PHP » Strings

The string datatype is typically used to hold textual data. Since websites usually process a lot of text, strings tend to be common in PHP scripts. Fortunately, PHP offers a rich selection of functions with which strings can be analyzed and modified. This section explains many these useful functions.

In PHP, strings are not limited to holding textual data. They can also be used for binary data. This section, however, is devoted to text manipulation and extraction.

There are three different ways to delimit strings. Double quotes should be used when variables or escape sequences inside the string should be interpreted. This means that variable names are replaced with their value, and that escape sequences like \n, \t, and \" can be used to insert special characters. With single quotes, variables and most escape sequences are not interpreted. In the following example, $s1 would contain "Hello world", while $s2 would be "Hello $name".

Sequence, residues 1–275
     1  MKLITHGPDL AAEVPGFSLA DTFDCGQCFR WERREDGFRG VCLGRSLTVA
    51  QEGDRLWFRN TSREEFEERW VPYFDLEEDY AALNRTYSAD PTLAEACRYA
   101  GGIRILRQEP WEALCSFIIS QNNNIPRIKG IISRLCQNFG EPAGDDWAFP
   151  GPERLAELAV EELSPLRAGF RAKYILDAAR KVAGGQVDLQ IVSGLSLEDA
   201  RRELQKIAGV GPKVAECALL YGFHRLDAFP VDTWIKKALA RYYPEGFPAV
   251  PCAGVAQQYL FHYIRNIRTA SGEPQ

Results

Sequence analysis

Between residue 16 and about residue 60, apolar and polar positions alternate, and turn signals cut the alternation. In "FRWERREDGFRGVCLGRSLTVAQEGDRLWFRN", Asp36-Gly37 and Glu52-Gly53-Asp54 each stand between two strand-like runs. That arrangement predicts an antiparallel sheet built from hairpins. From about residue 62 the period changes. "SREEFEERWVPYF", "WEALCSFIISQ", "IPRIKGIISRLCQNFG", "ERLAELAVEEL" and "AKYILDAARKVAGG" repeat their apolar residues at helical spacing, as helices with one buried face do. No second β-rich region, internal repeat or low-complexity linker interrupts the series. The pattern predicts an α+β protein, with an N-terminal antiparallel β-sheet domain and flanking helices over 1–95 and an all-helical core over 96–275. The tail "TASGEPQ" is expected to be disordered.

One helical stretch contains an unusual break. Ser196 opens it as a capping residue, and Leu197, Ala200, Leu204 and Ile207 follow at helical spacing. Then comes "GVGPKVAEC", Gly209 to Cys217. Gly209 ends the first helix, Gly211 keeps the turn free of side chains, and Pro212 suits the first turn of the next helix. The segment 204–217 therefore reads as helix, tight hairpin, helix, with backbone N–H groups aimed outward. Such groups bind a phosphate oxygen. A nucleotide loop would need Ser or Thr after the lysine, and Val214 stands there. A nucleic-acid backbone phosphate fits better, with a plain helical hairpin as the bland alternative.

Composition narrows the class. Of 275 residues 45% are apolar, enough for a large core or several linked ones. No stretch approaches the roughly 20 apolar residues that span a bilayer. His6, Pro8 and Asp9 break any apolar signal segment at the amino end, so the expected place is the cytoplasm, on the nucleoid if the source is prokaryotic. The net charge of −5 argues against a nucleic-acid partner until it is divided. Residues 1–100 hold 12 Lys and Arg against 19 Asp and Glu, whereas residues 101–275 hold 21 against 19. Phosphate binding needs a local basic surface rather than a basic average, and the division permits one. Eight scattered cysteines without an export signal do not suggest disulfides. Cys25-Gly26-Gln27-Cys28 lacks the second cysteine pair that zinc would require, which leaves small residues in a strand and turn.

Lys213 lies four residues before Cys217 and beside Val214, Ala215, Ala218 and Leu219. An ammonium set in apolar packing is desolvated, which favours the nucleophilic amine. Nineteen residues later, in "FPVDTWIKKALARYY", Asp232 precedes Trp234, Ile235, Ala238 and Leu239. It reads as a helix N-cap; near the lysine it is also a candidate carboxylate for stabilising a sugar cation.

$name = "world";
$s1 = "Hello $name";
$s2 = 'Hello $name';

The third way of delimiting a string is called "Here doc". The sequence <<< is followed by any identifier. Between this identifier and the next occurrence of it, the string data appears. This can be convenient, for example with long strings containing quotes and line breaks.

$s3 = <<<MYQUOT
Now it does not matter if there are
"quotes" and "things" like that in
the text: ''' """

Strings can be concatenated with the string concatenation operator ".", as in the following example:

$s4= "Hello";
$s5 = $s4 . "world";
// $s5 == "Hello world"

Individual characters in strings can be accessed with curly braces: $s{0} is the first character of $s.

This section presents many useful functions for simple string processing, working on character positions and exact sequences of strings. A much more powerful method of processing strings is called regular expressions. PHP supports both POSIX and Perl style regular expressions, and functions for both of these are also explained in this section. Regular expressions themselves are not covered in this quick reference, as that is a very large subject not directly related to PHP.